Wednesday, August 28, 2019

WORD PAINTINGS #71 - INTO THE DREAM


Making Room
"Things falling apart is a kind of testing and also a kind of healing. We think that the point is to pass the test or to overcome the problem, but the truth is that things don’t really get solved. They come together and they fall apart. Then they come together again and fall apart again. It’s just like that. The healing comes from letting there be room for all of this to happen: room for grief, for relief, for misery, for joy.
Everything that occurs is not only usable and workable but is actually the path itself. We can use everything that happens to us as the means for waking up. We can use everything that occurs—whether it’s our conflicting emotions and thoughts or our seemingly outer situation—to show us where we are asleep and how we can wake up completely, utterly, without reservations."
~ Pema Chodron

The image above is the view from the portal in front of this new house.  Such a coincidence that it is facing the Pecos Wilderness - the same view from my kitchen window at 313 Santistevan Lane. Soon there will be dark snow clouds swirling around Taos Mountain and the Pecos. Time to order a cord of wood for the stove adjacent to the kitchen.  Buying a few extra non-perishables at the grocery store, just in case.  My landlord promises to plow the driveway in front of the house whenever it snows.  

All my winter lessons in survival were learned when I lived at the horse ranch in Truchas.  Moved there on September 17th 1984 - first snow on the mountains that day - pure magic!  Packed in our belongings was a brand new medium sized freezer from Sears which we kept in a little shed. The house was a long way out on Llano Quemado next to the Land Grant from the King of Spain.  I called this place "suburban Truchas".....as close as you can get to living right under the magnificent Truchas Peaks.  It snowed for three days during Christmas that first year...bear tracks near the horse barns - big mountain lion footprints on the front porch!  School vacation time - no snow plows for about ten days - we were snowed in!!  Brilliant white silence all around...complete solitude....and a well stocked freezer! 

Am close as I will ever get to reliving that place and time today in this new house....waking up and making room for the Dream one more time!

The creation process

The Dreaming also explains the creation process. Ancestor beings rose and roamed the initially barren land, fought and loved, and created the land's features as we see them today. After creating the 'sacred world' the spiritual beings "turned into rocks or trees or a part of the landscape. These became sacred places, to be seen only by initiated men." [6]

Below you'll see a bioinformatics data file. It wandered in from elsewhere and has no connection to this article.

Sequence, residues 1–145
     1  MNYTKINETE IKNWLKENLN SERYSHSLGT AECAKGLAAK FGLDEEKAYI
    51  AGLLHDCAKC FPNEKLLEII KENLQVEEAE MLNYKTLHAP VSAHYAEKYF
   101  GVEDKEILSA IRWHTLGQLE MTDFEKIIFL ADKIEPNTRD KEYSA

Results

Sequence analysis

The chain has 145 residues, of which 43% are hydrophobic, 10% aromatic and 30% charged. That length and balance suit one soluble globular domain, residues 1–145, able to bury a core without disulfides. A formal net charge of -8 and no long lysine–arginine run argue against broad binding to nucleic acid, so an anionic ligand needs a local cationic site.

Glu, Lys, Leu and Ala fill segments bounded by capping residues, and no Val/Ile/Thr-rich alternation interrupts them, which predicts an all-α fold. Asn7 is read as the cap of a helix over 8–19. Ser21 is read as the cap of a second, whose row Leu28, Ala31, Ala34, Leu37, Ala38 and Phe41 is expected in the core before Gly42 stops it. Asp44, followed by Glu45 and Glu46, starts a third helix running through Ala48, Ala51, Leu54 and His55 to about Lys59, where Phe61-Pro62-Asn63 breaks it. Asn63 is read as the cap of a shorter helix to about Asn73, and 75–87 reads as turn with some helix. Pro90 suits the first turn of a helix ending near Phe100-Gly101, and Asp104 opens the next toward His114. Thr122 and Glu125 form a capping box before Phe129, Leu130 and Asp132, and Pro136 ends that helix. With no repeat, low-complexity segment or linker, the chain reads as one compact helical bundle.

The spirits of the ancestor beings are passed on to their descendants, e.g. shark, kangaroo, honey ant, snake and so on and hundreds of others which have become totems within the diverse Indigenous groups across the continent [3].
Spirits don't belong to anyone and can be accessed by everyone. "No-one owns a spirits," says Quandamooka woman Evelyn Parkin. "You can have what I have got if you're in touch with the spirit." [7].
It is interesting to note that many Aboriginal people also use the term 'Dreaming' to refer to their concepts about spirituality. This might be because some of them find ceremonies or songs in a state of dreaming, a state between sleeping and waking [1]. Strictly speaking, dreaming and mythology can be considered as the same thing: the deep mental archetypes and images of wisdom which we take on to be guided by them when the conscious mind is in a state of quietness [8].
The fact that the Dreaming is still around Aboriginal people is a fundamental difference to other spiritual beliefs. In Christianity, for example, the spiritual world is 'heaven', and many Christians believe it is reachable only after death and never while the person is still alive. (Those who find heaven inside might disagree, but such a discussion is beyond this article.)
Aboriginal man Midnight Davies describes how all-encompassing the Dreaming can be for Aboriginal people: [9]
"The Dreaming is, however, more than just an explanation of cultural norms, and where we came from. The Dreaming is a complete guide to life and living - it is an encyclopaedia of the world. It is not just stories - it is art, songs, dance; it is written into the land itself.
"Through the Dreaming we are taught knowledge of plants and animals, to us many of the flowering plants are treated as signs of animals available to hunt, fish about to appear, fruits about to ripen; the movement of the stars foretells the changing of weather, the birth of animals, the time for ceremony and gatherings.